OB Town Council urges more action on homelessness as group describes its efforts
Primed with $1.5 million in city funding, officials from People Assisting the Homeless sought to inspire hope at the Ocean Beach Town Council’s March meeting by presenting their approach to tackling the homelessness issue at the community level.
With the money to expand PATH’s outreach teams, one was established in Ocean Beach in early March, resulting in services (including basic needs such as food or clothes, ongoing case management or COVID-19 services) being provided to 17 people and four individuals being placed in permanent or temporary housing in the brief period since.
While welcoming the development, Town Council members questioned presenters at the March 24 meeting about details and expressed frustration with the perennial homelessness problem in OB.
“You can understand, in our community, there is an extreme interest and hunger for anything we can do to address the homeless issue in our community,” said OBTC President Mark Winkie. “We get an enormous amount of pressure from the homelessness, and it isn’t necessarily people that are looking for a roof over their head. There are a lot of other issues involved in the homelessness community in our beach towns.”
PATH, launched in Los Angeles in 1984 as an emergency shelter service, dedicated itself to housing the homeless 10 years ago and now operates across the state in 140 cities in six regions: Los Angeles, San Jose, Santa Barbara, Sacramento, Orange County and San Diego.
The group’s success is based on outreach teams assigned to particular communities in which specialists cultivate personal relationships over time to focus on overcoming a homeless individual’s root problems, according to Brian Gruters, associate director of outreach at PATH.
“We don’t start with a goal of getting somebody to one shelter or another shelter or some specific programs,” he said. “We go in thinking, ‘What is the quickest way to get a resolution for this person?’”
The process is painstaking, requiring team members to win the trust of people who often are suffering from trauma or mental health issues that might have led to their predicament in the first place, according to PATH regional director Hanan Scrapper.
“We may not even know their name six months later [after the initial contact],” Scrapper said. “We may know their nickname or their street name; how others refer to them. ... We believe it takes three to six months to actually build a rapport with someone.”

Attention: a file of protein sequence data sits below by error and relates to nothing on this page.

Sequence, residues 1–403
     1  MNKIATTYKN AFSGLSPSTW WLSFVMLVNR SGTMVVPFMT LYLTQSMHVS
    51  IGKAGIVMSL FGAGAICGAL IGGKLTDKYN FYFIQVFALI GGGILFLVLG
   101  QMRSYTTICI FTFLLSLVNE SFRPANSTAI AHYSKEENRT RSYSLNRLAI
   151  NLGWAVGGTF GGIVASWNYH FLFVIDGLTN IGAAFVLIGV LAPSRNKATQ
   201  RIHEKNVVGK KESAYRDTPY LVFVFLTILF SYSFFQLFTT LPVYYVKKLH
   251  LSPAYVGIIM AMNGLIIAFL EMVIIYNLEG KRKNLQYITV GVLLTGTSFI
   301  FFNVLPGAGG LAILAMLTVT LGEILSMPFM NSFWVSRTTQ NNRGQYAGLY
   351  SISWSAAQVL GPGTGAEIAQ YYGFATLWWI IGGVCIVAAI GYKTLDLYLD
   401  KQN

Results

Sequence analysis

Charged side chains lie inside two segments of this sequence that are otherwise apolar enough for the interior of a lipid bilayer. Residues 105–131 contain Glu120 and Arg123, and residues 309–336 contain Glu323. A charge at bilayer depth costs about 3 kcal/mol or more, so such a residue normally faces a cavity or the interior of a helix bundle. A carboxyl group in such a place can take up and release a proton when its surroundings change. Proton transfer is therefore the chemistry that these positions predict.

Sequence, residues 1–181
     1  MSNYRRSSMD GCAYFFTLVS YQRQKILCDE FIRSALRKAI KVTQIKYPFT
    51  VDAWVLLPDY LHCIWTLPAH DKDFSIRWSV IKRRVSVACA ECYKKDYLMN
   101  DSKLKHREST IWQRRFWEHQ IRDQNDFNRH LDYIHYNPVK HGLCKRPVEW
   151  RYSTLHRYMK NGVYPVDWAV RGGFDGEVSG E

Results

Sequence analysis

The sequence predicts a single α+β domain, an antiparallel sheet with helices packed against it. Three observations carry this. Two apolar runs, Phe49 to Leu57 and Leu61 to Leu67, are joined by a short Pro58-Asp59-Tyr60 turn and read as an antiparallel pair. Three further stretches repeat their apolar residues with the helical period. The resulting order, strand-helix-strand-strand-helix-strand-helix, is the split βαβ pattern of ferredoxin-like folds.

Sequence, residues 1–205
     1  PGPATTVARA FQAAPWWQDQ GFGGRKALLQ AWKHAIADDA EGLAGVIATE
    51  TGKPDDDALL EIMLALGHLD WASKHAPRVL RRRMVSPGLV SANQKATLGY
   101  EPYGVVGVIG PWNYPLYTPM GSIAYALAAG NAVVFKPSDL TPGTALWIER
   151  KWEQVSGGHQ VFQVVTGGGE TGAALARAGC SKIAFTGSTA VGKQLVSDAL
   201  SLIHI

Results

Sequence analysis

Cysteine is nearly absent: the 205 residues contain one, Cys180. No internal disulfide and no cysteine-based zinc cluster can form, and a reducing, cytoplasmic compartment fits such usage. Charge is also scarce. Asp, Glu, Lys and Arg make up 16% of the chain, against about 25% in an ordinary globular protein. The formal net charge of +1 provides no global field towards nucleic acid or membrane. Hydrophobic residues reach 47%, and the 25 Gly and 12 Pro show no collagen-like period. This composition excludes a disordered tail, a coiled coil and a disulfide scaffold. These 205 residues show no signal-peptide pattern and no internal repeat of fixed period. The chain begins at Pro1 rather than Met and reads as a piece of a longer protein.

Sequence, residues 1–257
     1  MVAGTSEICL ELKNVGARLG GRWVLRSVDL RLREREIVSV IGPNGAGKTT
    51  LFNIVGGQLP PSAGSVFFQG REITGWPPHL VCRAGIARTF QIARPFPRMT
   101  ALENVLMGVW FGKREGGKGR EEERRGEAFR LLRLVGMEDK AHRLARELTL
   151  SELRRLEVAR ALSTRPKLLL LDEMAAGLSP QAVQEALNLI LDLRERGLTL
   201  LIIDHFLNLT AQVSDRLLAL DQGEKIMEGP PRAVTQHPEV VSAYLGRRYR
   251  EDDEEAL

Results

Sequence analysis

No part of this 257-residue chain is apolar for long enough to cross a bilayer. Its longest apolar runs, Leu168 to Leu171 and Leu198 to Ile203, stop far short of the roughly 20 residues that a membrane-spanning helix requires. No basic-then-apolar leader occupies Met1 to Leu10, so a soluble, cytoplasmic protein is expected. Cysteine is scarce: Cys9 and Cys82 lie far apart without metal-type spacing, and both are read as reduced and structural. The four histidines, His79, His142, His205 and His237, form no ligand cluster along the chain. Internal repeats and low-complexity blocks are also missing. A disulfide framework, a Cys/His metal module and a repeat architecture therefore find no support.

Town Council board member Cameron Reid asked if some homeless people live outdoors by choice and noted two people who have lived behind his home since Reid moved there.
“Boston Bob,” he said. “Great guy. But he pees in my parking lot and trashes it. ... He said he’s chosen to live on the street for almost 20 years.”
Scrapper said chronic homelessness has led to an erroneous assumption in society that it can be a preference.
“We don’t believe anyone chooses to be homeless” she said. “[In] our persistent engagement and really working with them and talking with them, over time we’ve seen tremendous change and people even beginning to believe the idea of them being in a home. So it’s really instilling that hope in them and not giving up on them.”
Board member Corey Bruins asked for guidance in addressing the grievances of residents who feel intimidated by homeless people, particularly those engaging in antisocial behavior.
“As we experience our community and the people that live outside, it’s hard for us to engage the nuance, as community members,” Bruins said. “Over Christmas, we got so much communication about folks near the tree ... where it was like, ‘We’re scared to bring our kids down because of X, Y and Z.’”
Scrapper sympathized and found optimism in the fact that OB residents are constantly striving to better their neighborhood, an ambition that PATH shares.
“This is really hard because you also see your community being trashed,” Scrapper said. “You do want to have a thriving and safe community. So I think the goal is the same. We want to see that for Ocean Beach.”
Bruins countered that the community needs reassurances that the homelessness issue is being handled, if not necessarily resolved.
“As an organization, we would love to split the difference and make sure that we’re representing our citizens well and make sure that we’re also holding space for the reality of the folks who are calling OB home, whether they live inside or outside and no matter what their behavior is,” Bruins said.
PATH officials offered regular updates to show progress being made, and Gruters said that with more resources on the way, the long-term homelessness issue is finally being addressed.
“I think when you have outreach in San Diego sort of doing the same thing in the same way, you’re going to see adequate coverage,” Gruters said. “Right now, I think we’re moving in that direction. I’m actually pretty happy about the pace. But this is just our first approach.”
Teddy Martinez, OB representative for San Diego City Council member Jennifer Campbell, said PATH joins other groups already on the ground and having success, such as Veterans Village of San Diego, the Family Reunification Program of the Downtown San Diego Partnership and the Police Department’s homelessness outreach team.
“I just want to remind folks that they are one tool in the tool kit,” Martinez said. “This is just one more layer to build upon in OB.”
Just as a rain shower doesn’t end a years-long drought, Winkie said a focus on homelessness is the first step toward its eventual unwinding.
“I guess the good news in all this is that we’re excited you’re here,” he told the PATH officials. “We just want more of you. We want more resources. We want more funding. ... But you make a dent in the problem.”